(Reviewed by Judi Clark JAN 23, 2002)
"MacGregor's Lantern they called it, an' tales are long abou' the cattle plucked from th' darkest glens by only th' light o' th' moon...!"
At the end of the 19th century, the grasslands from Texas to North Dakota proved to be making many Scottish and English men wealthy cattle barons. Not wanting to miss out on this seemingly endless opportunity for staggering wealth, Philadelphian bank president Magnes Dowling wants in and is considering financing a Scotsman who wants to expand the lush flatland in Colorado known as South Park into an even larger ranch to raise his Scottish Highland cattle. His dream is to build his ranch into one that rivals his fellow Scotsman (and partner) Hugh Redmond MacGregor, only his will be based on the Highland cattle.
Margaret Dowling is the banker's oldest daughter, beautiful but not making any effort to resolve her spinster status, unlike her two younger sisters who have each married successful businessmen. Instead she teaches school, reads and follows the latest women's suffrage movement. She also has a secret desire to go out west and experience something similar to what she reads about in the dime store novels. So when her father invites the older, but still attractive Scotsman, Sir Kerr McKennon to the family dinner and then when McKennon boldly asks her to accompany him back to Colorado, she readily agrees. Obviously they are strangers and this is to be a marriage of convenience where each gets what they want. McKennon has an alliance with the bank in his dealings with MacGregor and Margaret escapes the repressive Philadelphian society. Even the possibility that her father has prearranged this encounter without her consent does not bother her for this is exactly what she wants. For one thing women in Wyoming already have the right to vote proving that anything is possible in the new west.
During the train ride west, Margaret becomes Maggie; a name she feels is more appropriate for her new lifestyle. To get from Denver to South Park, she follows Kerr riding atop a stubborn mule. Kerr's own mount is a striking mahogany bay from Kentucky. Maybe not the right horse for range work, but she is sleek and beautiful. And very skittish. Despite the hardships of the ride into South Park and the discovery of the shack that's to be their summer home, Maggie is fascinated with everything concerning the land and this life and quickly adapts. She is willing to work side by side with her husband and learn all that there is to do with cattle raising. Though the romance side of the marriage is missing, she nevertheless is hopeful that will change in time. Finally, it is time to drive the cattle to market and Kerr sets off, leaving Maggie to care for their animals. Suddenly everything changes when Kerr's horse returns early without its rider. By now Kerr's dream is Maggie's dream and it is up to her to save the Cameron Cattle Ranch; thus she refuses to return to Philadelphia as is expected of her. Instead she puts together a plan to be a cattle rancher and business woman and learns the hard way about tough men, business and greed, especially when she begins to suspect that her husband's death was not an accident, but murder.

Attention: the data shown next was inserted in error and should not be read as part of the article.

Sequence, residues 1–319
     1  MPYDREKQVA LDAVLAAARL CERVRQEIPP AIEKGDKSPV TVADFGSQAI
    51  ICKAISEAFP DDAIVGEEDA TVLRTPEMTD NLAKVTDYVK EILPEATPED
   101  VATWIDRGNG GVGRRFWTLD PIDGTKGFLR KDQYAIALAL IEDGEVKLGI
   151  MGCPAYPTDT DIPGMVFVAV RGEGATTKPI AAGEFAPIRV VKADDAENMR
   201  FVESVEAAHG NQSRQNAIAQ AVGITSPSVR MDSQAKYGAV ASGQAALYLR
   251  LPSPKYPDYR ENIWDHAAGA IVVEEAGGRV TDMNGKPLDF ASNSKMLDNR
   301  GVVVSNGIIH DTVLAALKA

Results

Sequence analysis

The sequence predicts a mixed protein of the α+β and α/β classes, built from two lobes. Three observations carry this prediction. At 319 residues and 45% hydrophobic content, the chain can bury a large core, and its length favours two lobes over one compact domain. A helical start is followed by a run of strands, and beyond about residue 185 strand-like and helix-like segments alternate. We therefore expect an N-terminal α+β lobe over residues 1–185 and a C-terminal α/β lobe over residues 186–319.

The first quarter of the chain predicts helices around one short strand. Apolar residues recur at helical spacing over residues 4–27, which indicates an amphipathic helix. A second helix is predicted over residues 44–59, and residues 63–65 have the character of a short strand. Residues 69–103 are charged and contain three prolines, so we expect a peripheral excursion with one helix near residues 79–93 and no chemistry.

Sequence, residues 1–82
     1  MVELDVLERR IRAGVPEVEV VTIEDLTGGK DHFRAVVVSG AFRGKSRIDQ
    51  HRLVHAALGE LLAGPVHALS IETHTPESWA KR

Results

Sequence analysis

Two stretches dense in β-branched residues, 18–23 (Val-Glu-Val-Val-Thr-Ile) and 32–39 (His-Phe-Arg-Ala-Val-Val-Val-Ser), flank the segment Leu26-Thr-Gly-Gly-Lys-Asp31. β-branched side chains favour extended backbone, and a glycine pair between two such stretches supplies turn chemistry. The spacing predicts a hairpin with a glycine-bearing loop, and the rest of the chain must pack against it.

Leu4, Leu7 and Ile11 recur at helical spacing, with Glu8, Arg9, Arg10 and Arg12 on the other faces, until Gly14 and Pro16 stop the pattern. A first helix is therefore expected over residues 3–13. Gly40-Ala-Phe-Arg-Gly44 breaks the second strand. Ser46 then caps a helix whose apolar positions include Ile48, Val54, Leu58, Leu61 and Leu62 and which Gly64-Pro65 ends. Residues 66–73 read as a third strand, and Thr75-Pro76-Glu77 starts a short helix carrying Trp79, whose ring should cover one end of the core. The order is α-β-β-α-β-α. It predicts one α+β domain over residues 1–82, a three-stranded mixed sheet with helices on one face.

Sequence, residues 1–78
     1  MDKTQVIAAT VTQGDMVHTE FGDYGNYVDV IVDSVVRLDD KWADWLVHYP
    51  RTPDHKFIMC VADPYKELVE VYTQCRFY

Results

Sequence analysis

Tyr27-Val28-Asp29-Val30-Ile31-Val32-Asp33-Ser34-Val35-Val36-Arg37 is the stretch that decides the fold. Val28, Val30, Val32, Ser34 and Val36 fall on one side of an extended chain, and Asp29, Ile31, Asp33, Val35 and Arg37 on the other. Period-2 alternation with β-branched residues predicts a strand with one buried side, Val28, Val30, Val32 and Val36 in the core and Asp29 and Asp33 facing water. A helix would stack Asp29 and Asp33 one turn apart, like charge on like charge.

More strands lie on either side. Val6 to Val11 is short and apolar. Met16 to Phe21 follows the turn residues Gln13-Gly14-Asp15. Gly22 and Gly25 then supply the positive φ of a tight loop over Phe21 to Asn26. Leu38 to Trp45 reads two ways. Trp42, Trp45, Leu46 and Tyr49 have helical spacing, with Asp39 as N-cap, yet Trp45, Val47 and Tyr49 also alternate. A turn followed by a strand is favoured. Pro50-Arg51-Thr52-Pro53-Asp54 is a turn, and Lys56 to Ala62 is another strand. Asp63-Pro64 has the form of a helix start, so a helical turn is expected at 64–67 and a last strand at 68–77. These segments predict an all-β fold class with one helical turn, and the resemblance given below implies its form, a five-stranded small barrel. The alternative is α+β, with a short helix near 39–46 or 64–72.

From the start I liked this novel because it brought out that feeling I'd get as a young girl when I would read about women making their own mark in the world. If I were living in that time, I know I would feel very much the way Maggie did and would like to think I'd make the same choices. I have no idea what young girls think today about all their options or if they just take their freedom for granted, regardless this novel is a good reminder of a time when women were treated without regard. At the center of MacGregor's Lantern is Maggie and her will to kive her own life despite her society's proscriptions. The author opens the novel with a quote from Joyce Gibson Roach saying how a woman's emancipation occurred not in the picket line but "when they mounted a good cow horse and realized how different and fine the view... from the back of a horse the world looked wider." This is essentially the reason that Maggie was not going back to Philadelphia. She now had her own cow horse.